For many weeks now I have been excited about applying for an Livestock Internship with Stone Barns Agricultural Center. On their website they advertise the position with the teaser, "Interns may also learn the skills necessary to harvest poultry as well as butchering sheep and swine for retail sales through the Center's farm market".
Now, it may seem inconsistent, given my recent transition to a vegan diet (I'll always cheat for pancakes!) that I would find this attractive. However, I figured that if I was going to cut something out of my life, I better know as much about it as possible. I am incredibly ignorant about where food comes from, and so are most people with whom I talk about food. I want to know how to butcher swine, to confront bodily the reality of our food, even a part that I don't take advantage of any longer ('cept for pancakes).
I also figured this spring would be the perfect opportunity - when else would I be able to get college credit for playing with animals and then butchering them?
Then last night, I very suddenly realized how much I was romanticizing this internship. I had pictured driving my car from Wisconsin to New York, so I could drive the twenty minutes from SLC to the Farm two days a week. Slinging slop with other kids, slipping in pig shit and laughing it off with my fellow interns. Learning how a farm operates from the inside out.
It's not that I no longer think that this would be a valuable experience - I just realized how much it would suck. Let's think: The internship starts in January, so I wouldn't be slipping in pig shit, so much as breaking my butt bone on ice made of pig shit.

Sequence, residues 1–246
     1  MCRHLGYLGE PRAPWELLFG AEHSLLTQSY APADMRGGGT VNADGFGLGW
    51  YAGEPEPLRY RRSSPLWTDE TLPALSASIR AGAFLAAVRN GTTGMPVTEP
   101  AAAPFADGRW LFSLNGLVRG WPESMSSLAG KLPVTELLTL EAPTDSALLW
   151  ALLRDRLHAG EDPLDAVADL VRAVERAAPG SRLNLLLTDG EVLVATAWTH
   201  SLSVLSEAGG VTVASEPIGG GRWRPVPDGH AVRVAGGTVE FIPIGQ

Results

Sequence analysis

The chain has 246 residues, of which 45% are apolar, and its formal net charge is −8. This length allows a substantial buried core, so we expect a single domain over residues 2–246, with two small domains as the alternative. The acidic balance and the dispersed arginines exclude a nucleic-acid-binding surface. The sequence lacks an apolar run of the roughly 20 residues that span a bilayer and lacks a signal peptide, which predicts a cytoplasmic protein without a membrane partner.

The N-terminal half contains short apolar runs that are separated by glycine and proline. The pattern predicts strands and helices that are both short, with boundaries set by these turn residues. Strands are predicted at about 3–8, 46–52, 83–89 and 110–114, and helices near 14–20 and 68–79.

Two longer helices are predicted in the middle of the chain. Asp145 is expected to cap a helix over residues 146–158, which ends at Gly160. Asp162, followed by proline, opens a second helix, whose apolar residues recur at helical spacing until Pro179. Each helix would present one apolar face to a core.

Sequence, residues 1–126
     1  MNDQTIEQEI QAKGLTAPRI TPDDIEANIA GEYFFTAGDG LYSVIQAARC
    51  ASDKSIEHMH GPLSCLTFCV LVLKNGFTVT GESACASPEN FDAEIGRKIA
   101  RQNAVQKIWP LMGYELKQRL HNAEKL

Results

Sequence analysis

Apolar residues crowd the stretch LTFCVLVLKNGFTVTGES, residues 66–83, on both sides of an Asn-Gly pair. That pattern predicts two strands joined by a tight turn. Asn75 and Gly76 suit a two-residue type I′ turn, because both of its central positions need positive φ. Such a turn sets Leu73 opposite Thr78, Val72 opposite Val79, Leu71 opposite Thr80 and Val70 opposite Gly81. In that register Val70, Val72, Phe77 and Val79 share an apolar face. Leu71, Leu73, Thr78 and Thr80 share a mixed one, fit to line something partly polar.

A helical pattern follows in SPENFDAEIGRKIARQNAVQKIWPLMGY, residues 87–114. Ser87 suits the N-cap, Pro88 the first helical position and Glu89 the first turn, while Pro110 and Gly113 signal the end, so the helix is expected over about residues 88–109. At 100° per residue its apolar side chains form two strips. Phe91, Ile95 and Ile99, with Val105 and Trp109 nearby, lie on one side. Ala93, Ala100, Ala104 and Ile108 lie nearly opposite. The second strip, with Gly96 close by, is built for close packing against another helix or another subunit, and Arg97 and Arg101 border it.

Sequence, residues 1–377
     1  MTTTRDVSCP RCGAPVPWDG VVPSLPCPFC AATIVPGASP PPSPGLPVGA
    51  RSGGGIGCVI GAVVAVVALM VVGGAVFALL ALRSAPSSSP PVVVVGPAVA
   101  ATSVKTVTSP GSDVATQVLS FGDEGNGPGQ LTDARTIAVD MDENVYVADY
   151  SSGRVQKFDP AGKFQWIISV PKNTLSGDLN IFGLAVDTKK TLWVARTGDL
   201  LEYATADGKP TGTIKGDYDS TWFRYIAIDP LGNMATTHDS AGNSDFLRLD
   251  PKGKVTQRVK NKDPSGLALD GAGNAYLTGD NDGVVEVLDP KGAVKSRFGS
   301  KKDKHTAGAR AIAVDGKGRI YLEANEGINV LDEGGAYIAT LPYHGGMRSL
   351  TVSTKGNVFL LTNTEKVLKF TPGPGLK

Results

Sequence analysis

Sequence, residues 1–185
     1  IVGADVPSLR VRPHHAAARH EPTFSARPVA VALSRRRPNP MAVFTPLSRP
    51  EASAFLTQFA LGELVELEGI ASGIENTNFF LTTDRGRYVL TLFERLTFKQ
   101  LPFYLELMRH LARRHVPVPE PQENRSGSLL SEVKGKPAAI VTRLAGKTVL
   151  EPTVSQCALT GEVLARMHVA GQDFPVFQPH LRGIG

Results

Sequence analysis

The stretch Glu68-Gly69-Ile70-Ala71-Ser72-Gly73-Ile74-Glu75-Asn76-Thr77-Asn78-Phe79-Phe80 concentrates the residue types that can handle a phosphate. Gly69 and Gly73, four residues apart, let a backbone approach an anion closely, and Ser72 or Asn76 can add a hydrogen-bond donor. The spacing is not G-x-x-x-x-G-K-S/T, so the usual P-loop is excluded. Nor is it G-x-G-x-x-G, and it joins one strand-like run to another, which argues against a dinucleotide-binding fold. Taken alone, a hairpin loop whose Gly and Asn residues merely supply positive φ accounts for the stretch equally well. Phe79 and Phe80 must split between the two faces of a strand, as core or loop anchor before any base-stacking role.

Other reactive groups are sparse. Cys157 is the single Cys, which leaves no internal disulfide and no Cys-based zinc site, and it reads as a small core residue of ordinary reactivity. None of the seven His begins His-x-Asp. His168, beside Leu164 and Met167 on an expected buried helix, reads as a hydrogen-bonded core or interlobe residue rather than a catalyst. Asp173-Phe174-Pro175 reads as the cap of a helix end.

Additionally, internships are what you make them. So, when the Stone Barns website says, "interns may also learn...", what they really mean to say is if you show a lot of initiative and bug them incessantly, they may or may not give you the opportunity. Ask yourself, would you really have the cojones to ASK to castrate a pig?
I wish I did. Today at the coffeeshop, the debate started to take form in my brain as a battle of idealism Vs. reality. Reality says, "You should probably take advantage of the opportunities your professor is giving your class in terms of radio internships for the Spring. That's a viable career path and not completely incoherent with your college curriculum". But idealism says, "You want to know how to butcher a pig! Face your fears and be true to your heart."
The logic that said I should take advantage the opportunity to get college credit for butchering animals, now also says I should take advantage of performing unpaid slave labor (cough, internship) during college when its not instead of having a real job.